Aydogdy Kurbanov, Jana Eger, Ilia Heit and Birgül Ögüt
Jana Eger, Ilia Heit and Birgül Ögüt are carrying out a joint research on different key subjects of the archaeological project in Monjukli Depe at the Institute of Near Eastern Archaeology, Freie Universität Berlin. Jana Eger is a PhD candidate in the program „Landscape Archaeology and Architecture“ of the Berlin Graduate School of Ancient Studies. Her dissertation project includes the analysis of the animal bone from Monjukli Depe in the framework of human-animal studies. She examines fauna not only as a source of ecological or economic information, but by using different methods and interpretive possibilities she studies the rich variety of relations between humans and animals.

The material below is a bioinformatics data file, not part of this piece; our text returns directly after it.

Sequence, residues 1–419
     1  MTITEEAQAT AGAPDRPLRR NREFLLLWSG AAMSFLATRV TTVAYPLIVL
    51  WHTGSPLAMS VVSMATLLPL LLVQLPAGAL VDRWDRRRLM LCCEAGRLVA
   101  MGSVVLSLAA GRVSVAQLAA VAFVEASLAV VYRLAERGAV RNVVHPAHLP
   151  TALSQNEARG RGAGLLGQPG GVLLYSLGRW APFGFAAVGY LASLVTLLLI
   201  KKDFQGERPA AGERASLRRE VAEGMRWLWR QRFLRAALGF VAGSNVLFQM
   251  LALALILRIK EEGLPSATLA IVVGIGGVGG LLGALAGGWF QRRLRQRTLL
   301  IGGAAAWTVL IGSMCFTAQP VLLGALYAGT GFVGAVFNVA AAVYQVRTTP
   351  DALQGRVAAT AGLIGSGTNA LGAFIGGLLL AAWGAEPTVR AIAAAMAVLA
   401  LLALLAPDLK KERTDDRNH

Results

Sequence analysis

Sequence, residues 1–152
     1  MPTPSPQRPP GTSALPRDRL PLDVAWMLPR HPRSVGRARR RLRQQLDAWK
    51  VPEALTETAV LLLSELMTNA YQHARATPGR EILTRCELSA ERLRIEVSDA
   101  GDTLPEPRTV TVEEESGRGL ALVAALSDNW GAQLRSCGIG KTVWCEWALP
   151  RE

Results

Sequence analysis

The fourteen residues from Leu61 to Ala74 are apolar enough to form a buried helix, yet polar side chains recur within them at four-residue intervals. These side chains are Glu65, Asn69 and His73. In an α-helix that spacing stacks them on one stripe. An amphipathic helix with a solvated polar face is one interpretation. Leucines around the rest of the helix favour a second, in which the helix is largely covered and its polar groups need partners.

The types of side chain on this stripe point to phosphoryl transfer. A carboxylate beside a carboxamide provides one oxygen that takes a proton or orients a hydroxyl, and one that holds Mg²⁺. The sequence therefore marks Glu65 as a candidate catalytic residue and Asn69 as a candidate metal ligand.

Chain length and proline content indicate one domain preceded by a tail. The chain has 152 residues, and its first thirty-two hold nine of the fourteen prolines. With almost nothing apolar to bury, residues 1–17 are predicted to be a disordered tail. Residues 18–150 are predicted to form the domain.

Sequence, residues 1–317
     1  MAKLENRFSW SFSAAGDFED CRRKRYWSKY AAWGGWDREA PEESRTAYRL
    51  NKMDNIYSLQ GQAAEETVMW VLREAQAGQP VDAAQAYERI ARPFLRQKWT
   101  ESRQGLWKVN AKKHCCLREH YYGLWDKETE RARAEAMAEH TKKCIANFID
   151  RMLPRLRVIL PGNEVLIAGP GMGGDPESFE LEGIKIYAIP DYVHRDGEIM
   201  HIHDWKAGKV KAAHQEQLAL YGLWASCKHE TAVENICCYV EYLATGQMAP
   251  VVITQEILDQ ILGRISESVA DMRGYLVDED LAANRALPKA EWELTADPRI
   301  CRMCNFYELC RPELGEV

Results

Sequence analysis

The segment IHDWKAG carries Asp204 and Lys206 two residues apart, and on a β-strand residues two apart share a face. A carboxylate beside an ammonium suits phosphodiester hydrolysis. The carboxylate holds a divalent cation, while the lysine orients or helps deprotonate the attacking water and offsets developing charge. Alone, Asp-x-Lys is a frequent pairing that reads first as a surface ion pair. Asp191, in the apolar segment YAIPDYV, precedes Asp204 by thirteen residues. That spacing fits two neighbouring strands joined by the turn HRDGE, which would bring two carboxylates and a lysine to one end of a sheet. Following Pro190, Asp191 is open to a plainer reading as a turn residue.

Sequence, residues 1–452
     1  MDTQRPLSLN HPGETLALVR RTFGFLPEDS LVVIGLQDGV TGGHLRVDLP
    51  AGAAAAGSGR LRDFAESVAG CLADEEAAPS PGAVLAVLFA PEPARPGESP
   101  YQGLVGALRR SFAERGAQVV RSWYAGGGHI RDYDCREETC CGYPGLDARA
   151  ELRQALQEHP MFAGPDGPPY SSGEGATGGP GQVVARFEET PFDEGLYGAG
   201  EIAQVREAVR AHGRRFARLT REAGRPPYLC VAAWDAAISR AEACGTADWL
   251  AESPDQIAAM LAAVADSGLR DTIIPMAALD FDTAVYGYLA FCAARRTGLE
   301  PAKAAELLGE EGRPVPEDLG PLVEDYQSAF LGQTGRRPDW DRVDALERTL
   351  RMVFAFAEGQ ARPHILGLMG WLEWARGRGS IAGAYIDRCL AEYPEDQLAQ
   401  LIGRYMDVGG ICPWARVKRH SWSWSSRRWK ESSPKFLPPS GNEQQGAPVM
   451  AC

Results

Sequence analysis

Ilia Heit is preparing his doctoral thesis within the Topoi-Project A-2-2 "Mobile village cultures in the foothills of the Kopet Dag." His project deals with temporality of archaeological evidence from Monjukli Depe and other sites in the region. He is focusing on changes in prehistoric building and living practices. Based on architectural structures and installations (dis-)continuities of spatial design will be examined both at Monjukli Depe and other sites in the region.
Birgül Ögüt is research assistant in the Monjukli Depe project at the Institute of Near Eastern Archaeology, Freie Universität Berlin. In her dissertation, she analyses the strategies used by Monjukli residents in the selection, production and consumption of ground stone. In addition to technological aspects, she examines activities connected to these stones, such as procurement, transport to the site, processing, use and reuse, up to final discard and archaeological discovery.